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Researchers at Karolinska Institutet publish new findings in the journal Cancer Discovery showing how pharmacological activation of the protein p53 boosts the immune response against tumours. The results can be of significance to the development of new combination therapies that will give more cancer patients access to immunotherapy.
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An international consortium that includes researchers at Karolinska Institutet has developed a ‘double antibody’ that targets two different sites of the SARS-CoV-2 virus, thereby preventing the virus from mutating to resist the therapy. A study published in the scientific journal Nature shows that the antibody potently neutralises SARS-CoV-2 and its variants and protects against COVID-19 in mice.
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The blood is the main source of studies on the immune system, despite the fact that most diseases are combated by immune cells in the body’s tissues. A new study from Karolinska Institutet and the University of Pennsylvania has identified which immune cells patrol the human body’s tissues and circulate back into the blood. The study, which is published in Cell, shows that not all T cells do this – some are found mostly in the blood where they constitute a unique part of our immune system.
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Immunotherapy for cancer has made great advances and many patients can now receive effective treatments that were not available ten years ago. However, there are certain types of cancer that do not respond to existing immunotherapy. A study from Karolinska Institutet in Sweden published in Proceedings of the National Academy of Sciences (PNAS) reports on a new kind of immunotherapy that gives hope of more treatment options for cancer in the future.
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A new type of immunotherapy for the skin cancer malignant melanoma shows promising results. Three severely ill patients are now long-term survivors. The study, published in OncoImmunology, is the result of a collaboration between researchers at Karolinska Institutet and Karolinska University Hospital.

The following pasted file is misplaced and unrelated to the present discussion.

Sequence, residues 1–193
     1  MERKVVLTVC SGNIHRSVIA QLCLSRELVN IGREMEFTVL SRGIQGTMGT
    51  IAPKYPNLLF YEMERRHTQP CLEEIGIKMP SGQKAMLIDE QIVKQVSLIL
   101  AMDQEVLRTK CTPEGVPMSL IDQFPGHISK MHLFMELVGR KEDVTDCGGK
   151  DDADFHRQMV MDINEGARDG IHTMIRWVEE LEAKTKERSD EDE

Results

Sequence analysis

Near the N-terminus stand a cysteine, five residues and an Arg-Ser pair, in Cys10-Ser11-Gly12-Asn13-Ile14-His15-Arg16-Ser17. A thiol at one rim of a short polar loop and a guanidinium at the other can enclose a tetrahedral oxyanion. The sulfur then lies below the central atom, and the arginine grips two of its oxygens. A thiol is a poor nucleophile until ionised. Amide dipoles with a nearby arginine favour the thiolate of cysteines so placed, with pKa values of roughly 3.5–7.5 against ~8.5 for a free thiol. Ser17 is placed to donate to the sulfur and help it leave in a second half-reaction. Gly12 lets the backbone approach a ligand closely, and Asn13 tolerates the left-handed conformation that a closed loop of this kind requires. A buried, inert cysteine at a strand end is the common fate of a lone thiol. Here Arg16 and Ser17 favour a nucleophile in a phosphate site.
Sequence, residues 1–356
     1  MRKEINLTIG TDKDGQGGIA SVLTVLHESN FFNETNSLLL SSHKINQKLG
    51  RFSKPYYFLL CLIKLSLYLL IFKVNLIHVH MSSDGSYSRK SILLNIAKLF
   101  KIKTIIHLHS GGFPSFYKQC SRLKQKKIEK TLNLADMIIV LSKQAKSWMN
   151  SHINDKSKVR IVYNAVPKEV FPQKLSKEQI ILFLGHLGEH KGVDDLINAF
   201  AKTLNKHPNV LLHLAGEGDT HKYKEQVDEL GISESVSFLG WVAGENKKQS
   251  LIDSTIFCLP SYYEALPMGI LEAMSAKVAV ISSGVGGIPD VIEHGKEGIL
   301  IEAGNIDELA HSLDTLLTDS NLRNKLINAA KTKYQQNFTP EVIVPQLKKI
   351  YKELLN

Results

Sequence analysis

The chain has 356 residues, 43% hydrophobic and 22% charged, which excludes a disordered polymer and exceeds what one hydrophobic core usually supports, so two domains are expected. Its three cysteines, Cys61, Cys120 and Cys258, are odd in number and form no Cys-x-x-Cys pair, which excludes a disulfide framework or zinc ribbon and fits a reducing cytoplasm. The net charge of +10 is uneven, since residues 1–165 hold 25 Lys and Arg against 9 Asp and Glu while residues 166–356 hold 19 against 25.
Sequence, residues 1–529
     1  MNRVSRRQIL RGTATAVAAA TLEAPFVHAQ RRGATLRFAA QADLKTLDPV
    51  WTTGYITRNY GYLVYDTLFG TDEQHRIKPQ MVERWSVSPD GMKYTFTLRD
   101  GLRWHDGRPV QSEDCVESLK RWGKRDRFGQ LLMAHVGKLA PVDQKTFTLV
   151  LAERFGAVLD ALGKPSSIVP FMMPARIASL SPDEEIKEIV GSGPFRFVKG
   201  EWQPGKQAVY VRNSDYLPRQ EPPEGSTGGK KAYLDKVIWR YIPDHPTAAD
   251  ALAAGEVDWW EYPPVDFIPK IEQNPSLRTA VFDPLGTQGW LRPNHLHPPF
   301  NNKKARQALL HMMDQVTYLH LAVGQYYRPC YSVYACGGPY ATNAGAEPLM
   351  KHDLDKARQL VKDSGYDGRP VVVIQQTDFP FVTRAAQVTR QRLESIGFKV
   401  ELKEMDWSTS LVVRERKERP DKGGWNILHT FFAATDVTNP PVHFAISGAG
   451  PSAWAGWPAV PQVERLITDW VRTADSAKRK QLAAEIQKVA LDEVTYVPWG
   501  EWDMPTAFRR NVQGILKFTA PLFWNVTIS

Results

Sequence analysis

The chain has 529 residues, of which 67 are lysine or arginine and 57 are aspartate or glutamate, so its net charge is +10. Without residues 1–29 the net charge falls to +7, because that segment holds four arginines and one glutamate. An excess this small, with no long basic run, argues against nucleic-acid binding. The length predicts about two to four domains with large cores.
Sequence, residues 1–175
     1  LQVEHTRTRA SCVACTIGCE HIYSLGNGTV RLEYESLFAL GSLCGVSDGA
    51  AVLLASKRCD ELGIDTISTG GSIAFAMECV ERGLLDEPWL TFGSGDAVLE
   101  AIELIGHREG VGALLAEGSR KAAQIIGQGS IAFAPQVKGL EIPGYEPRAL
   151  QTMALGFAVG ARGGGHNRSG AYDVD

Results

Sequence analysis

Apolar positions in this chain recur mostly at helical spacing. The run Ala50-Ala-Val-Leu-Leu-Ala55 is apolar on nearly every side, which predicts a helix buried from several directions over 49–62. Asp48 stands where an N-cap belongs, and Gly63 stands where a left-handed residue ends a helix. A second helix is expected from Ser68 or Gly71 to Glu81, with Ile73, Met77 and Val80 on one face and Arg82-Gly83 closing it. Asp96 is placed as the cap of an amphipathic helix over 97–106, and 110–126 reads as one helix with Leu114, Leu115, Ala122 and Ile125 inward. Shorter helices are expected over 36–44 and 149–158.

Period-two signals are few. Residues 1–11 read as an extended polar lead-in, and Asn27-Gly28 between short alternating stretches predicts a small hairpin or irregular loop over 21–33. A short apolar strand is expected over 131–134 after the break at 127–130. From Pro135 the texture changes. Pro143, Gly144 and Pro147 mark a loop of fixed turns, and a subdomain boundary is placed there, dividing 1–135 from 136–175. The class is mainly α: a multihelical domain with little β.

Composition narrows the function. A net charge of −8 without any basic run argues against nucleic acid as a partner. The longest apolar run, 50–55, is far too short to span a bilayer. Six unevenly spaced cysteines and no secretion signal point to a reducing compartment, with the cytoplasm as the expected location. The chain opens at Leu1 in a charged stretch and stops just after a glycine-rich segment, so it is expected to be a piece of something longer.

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Three coronavirus projects coordinated by researchers at Karolinska Institutet have moved onto the grant negotiation phase in a bid for 9 million euros (95 million kronor) in EU funding. The projects aim to find a vaccine, immunotherapies and neutralizing antibodies against SARS-CoV-2 and are being coordinated by KI’s Matti Sällberg, Qiang Pan Hammarström and Benjamin Murrell.
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Karolinska Institutet is granted funding from Vinnova to start a new centre of excellence. The centre will focus on developing next-generation immunotherapy based on NK-cells for the treatment of cancer.
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Individuals with an inherited form of skin cancer often have a poor prognosis. The type of immunotherapy that was awarded this year’s Nobel Prize in Physiology or Medicine is, however, particularly effective in this patient group, research from Karolinska Institutet in Sweden shows. The study is published in the Journal of Medical Genetics.
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Researchers at Karolinska Institutet have explored NK cell-based immunotherapy on patients with treatment-resistant leukaemia. The study, which is published in the scientific journal Clinical Cancer Research, shows that the new therapy is effective against several types of leukaemia.
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08-06-2022